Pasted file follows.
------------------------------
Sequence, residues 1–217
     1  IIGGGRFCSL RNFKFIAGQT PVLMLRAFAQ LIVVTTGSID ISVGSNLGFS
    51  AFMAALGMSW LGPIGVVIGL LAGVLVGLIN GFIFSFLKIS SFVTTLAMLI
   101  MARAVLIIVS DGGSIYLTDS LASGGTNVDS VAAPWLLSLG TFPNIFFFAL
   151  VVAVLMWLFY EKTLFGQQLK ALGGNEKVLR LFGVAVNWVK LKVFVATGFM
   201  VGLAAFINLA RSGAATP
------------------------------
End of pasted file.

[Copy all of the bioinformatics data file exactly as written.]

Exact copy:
Sequence, residues 1–217
     1  IIGGGRFCSL RNFKFIAGQT PVLMLRAFAQ LIVVTTGSID ISVGSNLGFS
    51  AFMAALGMSW LGPIGVVIGL LAGVLVGLIN GFIFSFLKIS SFVTTLAMLI
   101  MARAVLIIVS DGGSIYLTDS LASGGTNVDS VAAPWLLSLG TFPNIFFFAL
   151  VVAVLMWLFY EKTLFGQQLK ALGGNEKVLR LFGVAVNWVK LKVFVATGFM
   201  VGLAAFINLA RSGAATP